If as a child I had to endure daily traumas at the hands of the government officials, including threats of stops, arrests, stun guns and dog attacks — I can’t imagine retaining my focus on the future. And I surely would not have developed the same faith in our systems of justice that led me to fight so hard to become a lawyer.

Instead of helpful mentors to guide me I was met with school suspension, court fines and arrest warrants for childish activity — warrants that would have prevented me from getting my first job or first apartment — I may have given up on getting ahead.

Factor into the odds the many other layers of structural inequality suffered by youth of color in this country, I am fairly certain I would not be where I am today.

The DOJ’s report is titled “Investigation of the Ferguson Police Department.” But it calls for us to change far more than Ferguson. We should use this as an opportunity to interrogate our own lives — to acknowledge the ways in which so many of us have enjoyed invisible privilege, including something as basic as the right to childhood.

From there we must demand just, fair and compassionate treatment for all youth. Because as the DOJ’s report so powerfully demonstrates, too many kids of color — unnoticed by this week’s news about Ferguson and beyond — are robbed of their innocence by inhumane police practices and handed reduced life chances simply because of the color of their skin.

Mae C. Quinn is a professor of law at Washington University in St. Louis, where she runs the Juvenile Law and Justice Clinic. She grew up in Staten Island, N.Y. 

This essay was originally published in the St. Louis Post-Dispatch.

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Youth and Interrogation

kid questioned by policeBy Kevin Lapp, Associate Professor of Law, Loyola Law School, Los Angeles

Advocates, courts, and policymakers across the nation are considering how far the Supreme Court’s “children are different in a way that matters” criminal justice jurisprudence should extend. One of those Supreme Court cases was J.D.B., which held that a suspect’s age is relevant to determining whether an individual is in custody for purposes of Miranda. That is so even though the custody analysis is an objective inquiry. So long as the youth’s age was known or would have been objectively apparent to a reasonable officer, his age (and the developmental vulnerabilities that accompany it) must be considered.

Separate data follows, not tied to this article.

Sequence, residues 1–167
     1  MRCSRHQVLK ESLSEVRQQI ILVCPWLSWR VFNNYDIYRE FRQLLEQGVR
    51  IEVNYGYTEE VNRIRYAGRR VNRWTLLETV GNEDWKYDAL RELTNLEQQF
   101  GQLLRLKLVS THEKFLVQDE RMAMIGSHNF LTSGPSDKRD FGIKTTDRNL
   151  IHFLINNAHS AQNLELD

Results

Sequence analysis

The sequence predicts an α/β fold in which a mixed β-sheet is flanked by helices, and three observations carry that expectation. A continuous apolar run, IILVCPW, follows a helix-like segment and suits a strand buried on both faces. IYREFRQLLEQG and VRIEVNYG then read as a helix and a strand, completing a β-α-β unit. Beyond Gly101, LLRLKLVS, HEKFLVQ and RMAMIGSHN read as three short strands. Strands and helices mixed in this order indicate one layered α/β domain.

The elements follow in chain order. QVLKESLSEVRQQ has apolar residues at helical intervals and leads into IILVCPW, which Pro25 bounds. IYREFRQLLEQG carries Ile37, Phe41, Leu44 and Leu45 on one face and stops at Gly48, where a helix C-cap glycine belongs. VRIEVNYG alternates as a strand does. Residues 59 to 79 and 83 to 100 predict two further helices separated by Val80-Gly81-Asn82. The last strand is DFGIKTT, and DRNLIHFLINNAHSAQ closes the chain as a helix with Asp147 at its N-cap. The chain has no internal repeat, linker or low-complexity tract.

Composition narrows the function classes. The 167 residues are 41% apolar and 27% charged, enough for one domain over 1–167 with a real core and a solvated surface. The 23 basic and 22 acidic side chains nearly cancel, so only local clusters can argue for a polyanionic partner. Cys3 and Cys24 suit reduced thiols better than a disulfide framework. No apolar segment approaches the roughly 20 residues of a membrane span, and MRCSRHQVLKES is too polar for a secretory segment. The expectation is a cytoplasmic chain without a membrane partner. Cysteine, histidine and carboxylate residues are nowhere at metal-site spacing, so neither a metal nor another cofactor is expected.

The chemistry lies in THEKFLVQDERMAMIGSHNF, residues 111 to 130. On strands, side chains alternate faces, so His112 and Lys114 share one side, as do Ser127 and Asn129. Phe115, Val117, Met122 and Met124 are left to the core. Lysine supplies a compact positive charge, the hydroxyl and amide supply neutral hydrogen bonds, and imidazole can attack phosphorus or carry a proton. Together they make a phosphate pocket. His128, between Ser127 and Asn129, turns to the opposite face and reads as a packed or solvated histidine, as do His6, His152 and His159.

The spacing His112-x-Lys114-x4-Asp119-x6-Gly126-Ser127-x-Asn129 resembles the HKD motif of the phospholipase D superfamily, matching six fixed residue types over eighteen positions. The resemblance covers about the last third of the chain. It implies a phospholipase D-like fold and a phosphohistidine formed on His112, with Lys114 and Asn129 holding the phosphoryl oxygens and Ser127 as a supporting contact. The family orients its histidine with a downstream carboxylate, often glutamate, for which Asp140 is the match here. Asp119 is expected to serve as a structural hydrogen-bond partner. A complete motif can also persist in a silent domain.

Just last month, a California Court of Appeal held that the same applies when deciding whether a juvenile has made an unequivocal request for an attorney after waiving Miranda. The case involved a 13-year-old eighth grader who was suspected in a shooting. Thirty pages into the transcript of the videotaped custodial interrogation, and after being shown a surveillance video of the shooting, the 13 year-old said “Could I have an attorney? Because that’s not me.” The police said no and continued the interrogation. Relying on J.D.B., the court held that the police should have considered the suspect’s age in deciding whether that statement was an unequivocal request for an attorney. Moreover, it found that the youth’s lack of maturity and sophistication were objectively apparent to a reasonable officer, and that the statement by the 13 year-old was an unequivocal request for an attorney, as opposed to a mere inquiry.

This seems right to me. While it’s true that it may be hard for police to decide whether the youth they are interrogating feel free to leave, or whether they are unambiguously and unequivocally requesting an attorney such that the interrogating must immediately end, the point of this recent juvenile jurisprudence is that law enforcement must pause when confronting youth. If they’re unsure whether their presence and training are overbearing the young person, the best result would be to warn them of their Miranda rights and respect their attempts to invoke their constitutional rights.  

The case was argued and briefed by staff and students at Loyola Law School, Los Angeles’s amazing Center for Juvenile Law and Policy

 

 

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Florida Supreme Court Throws Out Life Sentences for Juveniles

03lifers_1841The Florida State Supreme Court unanimously ruled on March 19, 2015, that all of Florida’s juveniles convicted of homicide who received automatic sentences of life in prison must be resentenced under a state law passed in 2014.

The long-awaited ruling answers the question of whether the United States Supreme Court’s 2012 decision in Miller v. Alabama, which effectively banned automatic life sentences for juveniles convicted of homicide, applies retroactively in the state of Florida. An estimated 250 Florida prisoners, 17 of them from Lee and Collier Counties, are serving life sentences for murders committed before they turned 18.